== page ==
Following surgery, as their condition improve, patients are frequently referred by hospitals to inpatient facilities such as skilled nursing homes, inpatient rehabilitation centers, home healthcare and other outpatient services. A new UCLA study, published in the February 2016 edition of the journal Medical Care, has found that frequent use of post-acute care associated with higher hospital readmission rates; thus, increasing the healthcare costs.
The researchers found that spending on post-acute care varies widely across different parts of the U.S., suggesting that medical centers in some areas may be using these services too infrequently and others may be using them more often than necessary. A recent report by the Institute of Medicine found that the primary driver of regional variations in Medicare spending is the differences in the costs of post-acute care. However, little is known about why those variations occur.
The new study revealed that some hospitals refer less than 3% of their patients to inpatient facilities, while others refer up to 40%. In addition, some hospitals prescribe home healthcare for only 3% of patients, while others refer up to 58% of patients; this variance in policy prompted the researchers to investigate whether the wide variation correlated with differences in the overall quality of care delivered by the hospitals.
For the study, the authors reviewed data for 112,620 patients treated at 217 hospitals in 39 states. They extracted information from a national surgery registry and Medicare claims, as well as from American Hospital Association annual surveys from 2005 through 2008. They calculated the correlation between post-acute care usage rates and hospital quality measures such as mortality rates, complications, readmissions and lengths of stay.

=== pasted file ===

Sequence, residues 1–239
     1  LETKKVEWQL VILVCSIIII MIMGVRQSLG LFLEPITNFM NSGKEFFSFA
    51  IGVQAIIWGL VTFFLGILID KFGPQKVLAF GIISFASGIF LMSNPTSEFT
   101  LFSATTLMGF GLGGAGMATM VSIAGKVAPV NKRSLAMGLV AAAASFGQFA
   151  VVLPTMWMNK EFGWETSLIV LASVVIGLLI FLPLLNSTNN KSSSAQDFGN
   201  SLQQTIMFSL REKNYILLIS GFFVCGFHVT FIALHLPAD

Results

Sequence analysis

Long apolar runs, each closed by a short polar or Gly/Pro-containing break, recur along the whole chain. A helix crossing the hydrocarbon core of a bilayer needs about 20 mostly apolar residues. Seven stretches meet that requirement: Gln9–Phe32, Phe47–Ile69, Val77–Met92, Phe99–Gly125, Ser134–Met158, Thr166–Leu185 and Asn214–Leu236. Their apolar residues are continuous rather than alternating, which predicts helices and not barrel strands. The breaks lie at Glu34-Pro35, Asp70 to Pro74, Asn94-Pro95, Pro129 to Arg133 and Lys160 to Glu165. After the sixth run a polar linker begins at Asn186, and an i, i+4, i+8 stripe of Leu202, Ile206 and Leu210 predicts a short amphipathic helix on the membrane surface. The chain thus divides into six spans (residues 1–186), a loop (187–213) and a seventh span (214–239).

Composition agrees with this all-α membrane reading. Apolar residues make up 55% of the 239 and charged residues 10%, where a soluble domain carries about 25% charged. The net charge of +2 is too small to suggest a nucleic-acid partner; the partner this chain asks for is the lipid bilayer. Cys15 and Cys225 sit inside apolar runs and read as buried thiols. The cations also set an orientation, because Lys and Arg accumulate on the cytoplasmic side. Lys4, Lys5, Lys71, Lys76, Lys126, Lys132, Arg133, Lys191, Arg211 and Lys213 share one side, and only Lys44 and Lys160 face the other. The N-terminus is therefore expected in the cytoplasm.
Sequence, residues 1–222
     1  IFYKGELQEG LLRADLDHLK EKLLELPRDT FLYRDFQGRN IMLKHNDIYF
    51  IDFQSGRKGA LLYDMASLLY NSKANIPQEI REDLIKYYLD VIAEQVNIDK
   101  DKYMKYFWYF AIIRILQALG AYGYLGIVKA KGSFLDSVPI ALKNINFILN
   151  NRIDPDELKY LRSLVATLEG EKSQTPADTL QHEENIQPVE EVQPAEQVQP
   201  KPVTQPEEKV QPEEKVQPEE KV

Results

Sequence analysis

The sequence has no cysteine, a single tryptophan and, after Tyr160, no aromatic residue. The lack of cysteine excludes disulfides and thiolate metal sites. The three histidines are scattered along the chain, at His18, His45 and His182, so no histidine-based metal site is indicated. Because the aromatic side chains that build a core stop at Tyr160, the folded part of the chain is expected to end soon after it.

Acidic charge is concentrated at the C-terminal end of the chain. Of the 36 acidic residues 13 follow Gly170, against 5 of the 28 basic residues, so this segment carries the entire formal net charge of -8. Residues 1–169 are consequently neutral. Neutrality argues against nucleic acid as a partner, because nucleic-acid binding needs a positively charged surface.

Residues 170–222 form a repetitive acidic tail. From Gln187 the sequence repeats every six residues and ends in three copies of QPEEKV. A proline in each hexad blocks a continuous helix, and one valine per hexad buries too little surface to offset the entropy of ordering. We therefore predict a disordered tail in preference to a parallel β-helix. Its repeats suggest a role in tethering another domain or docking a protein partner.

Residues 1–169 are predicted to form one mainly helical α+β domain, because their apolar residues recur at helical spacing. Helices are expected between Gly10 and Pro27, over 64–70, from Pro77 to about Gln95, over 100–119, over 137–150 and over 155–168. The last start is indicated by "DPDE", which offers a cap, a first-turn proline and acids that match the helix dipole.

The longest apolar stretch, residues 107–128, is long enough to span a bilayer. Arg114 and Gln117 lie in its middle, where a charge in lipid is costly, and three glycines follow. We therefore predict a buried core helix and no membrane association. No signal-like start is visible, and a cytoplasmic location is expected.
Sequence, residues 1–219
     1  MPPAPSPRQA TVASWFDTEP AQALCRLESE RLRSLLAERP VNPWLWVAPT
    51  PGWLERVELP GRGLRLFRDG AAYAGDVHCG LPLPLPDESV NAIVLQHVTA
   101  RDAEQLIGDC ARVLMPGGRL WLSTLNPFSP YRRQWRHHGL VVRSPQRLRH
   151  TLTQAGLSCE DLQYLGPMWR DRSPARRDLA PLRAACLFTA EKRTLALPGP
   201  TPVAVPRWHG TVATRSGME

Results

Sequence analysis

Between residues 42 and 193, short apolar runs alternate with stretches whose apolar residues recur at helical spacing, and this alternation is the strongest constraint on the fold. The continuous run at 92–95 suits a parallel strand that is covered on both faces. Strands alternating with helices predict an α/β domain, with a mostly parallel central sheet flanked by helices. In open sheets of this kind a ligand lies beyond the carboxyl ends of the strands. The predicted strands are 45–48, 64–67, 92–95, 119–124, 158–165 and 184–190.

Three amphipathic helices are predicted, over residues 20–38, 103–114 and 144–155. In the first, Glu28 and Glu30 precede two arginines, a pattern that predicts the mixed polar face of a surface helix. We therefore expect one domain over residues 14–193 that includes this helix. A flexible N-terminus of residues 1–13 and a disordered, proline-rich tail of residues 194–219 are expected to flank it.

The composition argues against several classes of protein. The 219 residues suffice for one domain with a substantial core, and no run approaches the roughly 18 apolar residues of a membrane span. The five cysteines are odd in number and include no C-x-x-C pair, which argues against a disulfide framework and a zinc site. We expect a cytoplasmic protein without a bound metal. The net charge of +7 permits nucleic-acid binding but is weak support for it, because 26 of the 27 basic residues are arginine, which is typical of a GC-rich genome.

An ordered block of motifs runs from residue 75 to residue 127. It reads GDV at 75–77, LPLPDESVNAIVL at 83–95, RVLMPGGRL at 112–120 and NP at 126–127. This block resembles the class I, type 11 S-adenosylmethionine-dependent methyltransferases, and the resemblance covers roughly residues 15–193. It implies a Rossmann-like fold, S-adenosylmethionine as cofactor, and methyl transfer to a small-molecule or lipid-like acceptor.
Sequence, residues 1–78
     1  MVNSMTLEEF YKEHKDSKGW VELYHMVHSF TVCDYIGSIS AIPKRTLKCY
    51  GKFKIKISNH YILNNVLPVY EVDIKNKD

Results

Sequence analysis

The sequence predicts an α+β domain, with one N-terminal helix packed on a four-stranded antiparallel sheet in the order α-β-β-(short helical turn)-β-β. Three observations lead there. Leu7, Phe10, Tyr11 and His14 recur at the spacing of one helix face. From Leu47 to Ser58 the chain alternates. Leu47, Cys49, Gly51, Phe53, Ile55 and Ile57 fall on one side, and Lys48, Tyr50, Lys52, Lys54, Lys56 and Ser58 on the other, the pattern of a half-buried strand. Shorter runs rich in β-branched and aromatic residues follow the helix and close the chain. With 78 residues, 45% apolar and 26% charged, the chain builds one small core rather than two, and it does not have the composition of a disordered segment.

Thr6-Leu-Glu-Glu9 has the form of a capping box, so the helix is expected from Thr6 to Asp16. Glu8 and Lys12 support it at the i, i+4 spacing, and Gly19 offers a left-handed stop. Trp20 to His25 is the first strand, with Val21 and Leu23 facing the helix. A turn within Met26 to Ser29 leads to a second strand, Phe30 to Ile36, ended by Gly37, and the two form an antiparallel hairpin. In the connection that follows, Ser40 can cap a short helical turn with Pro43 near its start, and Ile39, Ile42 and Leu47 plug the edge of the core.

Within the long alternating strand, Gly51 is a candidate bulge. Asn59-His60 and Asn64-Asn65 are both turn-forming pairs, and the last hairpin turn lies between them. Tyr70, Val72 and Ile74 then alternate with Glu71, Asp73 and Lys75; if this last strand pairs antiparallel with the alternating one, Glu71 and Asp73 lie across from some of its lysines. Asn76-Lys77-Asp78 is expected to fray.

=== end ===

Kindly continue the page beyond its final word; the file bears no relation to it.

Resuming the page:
The investigators found no association between how often hospitals used post-acute care and the number of recorded postoperative deaths or complications. However, the study did discover a relationship between “indirect” measures of hospital quality, metrics such as length of stay and readmission rates, and use of post-acute care. Specifically, hospitals that tend to refer patients to inpatient facilities more often also tend to have shorter lengths of stay and higher readmission rates. “These findings suggest that some hospitals may be using post-acute care as a substitute for inpatient care,” noted lead investigator Greg Sacks, MD, a resident in general surgery at UCLA and a Robert Wood Johnson/Veterans Affairs Clinical Scholar. He added, “This might lead to patients being discharged from the hospital prematurely, which then results in higher readmission rates.”
Dr. Sacks noted that surgeons and hospitals have virtually no guidelines to help them determine the best post-acute care services for their patients, and that better recommendations could help reduce some of the variation in how the services are used and the costs associated with them. The study revealed that hospitals that referred patients to inpatient facilities most often were more likely to readmit patients within 30 days (24.1%) versus those who referred patients to inpatient facilities least often (21.2%). The study did not find a similar correlation between referrals to home healthcare and hospital readmission.
Other findings were that teaching hospitals referred patients to home healthcare 21.4% of the time, versus 18.0% for non-teaching hospitals, and hospitals with the shortest average length of stay used inpatient facilities more frequently (24% versus 19.5%). The authors also suggested that healthcare payment policies that create financial incentives for hospitals to discharge patients prematurely could be driving hospitals’ post-acute care decisions.
The authors wrote: “Our findings suggest that there is an urgent need to study the appropriate use of post-acute care to develop guidelines to assist postoperative discharge planning. The new evidence and guidelines based on that evidence would help ensure that patients receive the post-discharge care they need, while avoiding additional care they do not need.”